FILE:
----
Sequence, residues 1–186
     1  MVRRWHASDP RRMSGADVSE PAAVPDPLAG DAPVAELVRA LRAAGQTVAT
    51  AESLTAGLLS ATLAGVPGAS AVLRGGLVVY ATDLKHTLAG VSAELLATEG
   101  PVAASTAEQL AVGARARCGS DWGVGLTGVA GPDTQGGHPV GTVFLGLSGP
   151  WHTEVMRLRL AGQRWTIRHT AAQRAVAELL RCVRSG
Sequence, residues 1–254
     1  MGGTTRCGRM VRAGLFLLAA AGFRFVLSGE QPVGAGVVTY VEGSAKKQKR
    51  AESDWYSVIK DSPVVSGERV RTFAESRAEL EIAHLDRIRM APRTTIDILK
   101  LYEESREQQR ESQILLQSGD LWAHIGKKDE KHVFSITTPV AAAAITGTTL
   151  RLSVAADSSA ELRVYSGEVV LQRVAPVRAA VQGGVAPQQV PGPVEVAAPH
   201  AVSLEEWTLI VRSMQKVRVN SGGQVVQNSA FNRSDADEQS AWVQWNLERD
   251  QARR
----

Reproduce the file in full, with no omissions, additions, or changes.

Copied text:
Sequence, residues 1–186
     1  MVRRWHASDP RRMSGADVSE PAAVPDPLAG DAPVAELVRA LRAAGQTVAT
    51  AESLTAGLLS ATLAGVPGAS AVLRGGLVVY ATDLKHTLAG VSAELLATEG
   101  PVAASTAEQL AVGARARCGS DWGVGLTGVA GPDTQGGHPV GTVFLGLSGP
   151  WHTEVMRLRL AGQRWTIRHT AAQRAVAELL RCVRSG
Sequence, residues 1–254
     1  MGGTTRCGRM VRAGLFLLAA AGFRFVLSGE QPVGAGVVTY VEGSAKKQKR
    51  AESDWYSVIK DSPVVSGERV RTFAESRAEL EIAHLDRIRM APRTTIDILK
   101  LYEESREQQR ESQILLQSGD LWAHIGKKDE KHVFSITTPV AAAAITGTTL
   151  RLSVAADSSA ELRVYSGEVV LQRVAPVRAA VQGGVAPQQV PGPVEVAAPH
   201  AVSLEEWTLI VRSMQKVRVN SGGQVVQNSA FNRSDADEQS AWVQWNLERD
   251  QARR